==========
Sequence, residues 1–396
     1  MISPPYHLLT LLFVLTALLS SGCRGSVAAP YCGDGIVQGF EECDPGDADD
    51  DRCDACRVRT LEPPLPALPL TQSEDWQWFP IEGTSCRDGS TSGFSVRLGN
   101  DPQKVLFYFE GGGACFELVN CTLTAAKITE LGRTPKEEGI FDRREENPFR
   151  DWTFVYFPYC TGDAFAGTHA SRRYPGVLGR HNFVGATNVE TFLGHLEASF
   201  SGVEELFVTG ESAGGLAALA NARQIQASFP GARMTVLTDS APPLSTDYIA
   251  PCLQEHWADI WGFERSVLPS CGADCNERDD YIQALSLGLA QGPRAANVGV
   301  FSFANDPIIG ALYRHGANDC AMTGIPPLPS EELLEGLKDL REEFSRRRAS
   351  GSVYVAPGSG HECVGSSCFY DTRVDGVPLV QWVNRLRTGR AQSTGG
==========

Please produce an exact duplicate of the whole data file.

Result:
Sequence, residues 1–396
     1  MISPPYHLLT LLFVLTALLS SGCRGSVAAP YCGDGIVQGF EECDPGDADD
    51  DRCDACRVRT LEPPLPALPL TQSEDWQWFP IEGTSCRDGS TSGFSVRLGN
   101  DPQKVLFYFE GGGACFELVN CTLTAAKITE LGRTPKEEGI FDRREENPFR
   151  DWTFVYFPYC TGDAFAGTHA SRRYPGVLGR HNFVGATNVE TFLGHLEASF
   201  SGVEELFVTG ESAGGLAALA NARQIQASFP GARMTVLTDS APPLSTDYIA
   251  PCLQEHWADI WGFERSVLPS CGADCNERDD YIQALSLGLA QGPRAANVGV
   301  FSFANDPIIG ALYRHGANDC AMTGIPPLPS EELLEGLKDL REEFSRRRAS
   351  GSVYVAPGSG HECVGSSCFY DTRVDGVPLV QWVNRLRTGR AQSTGG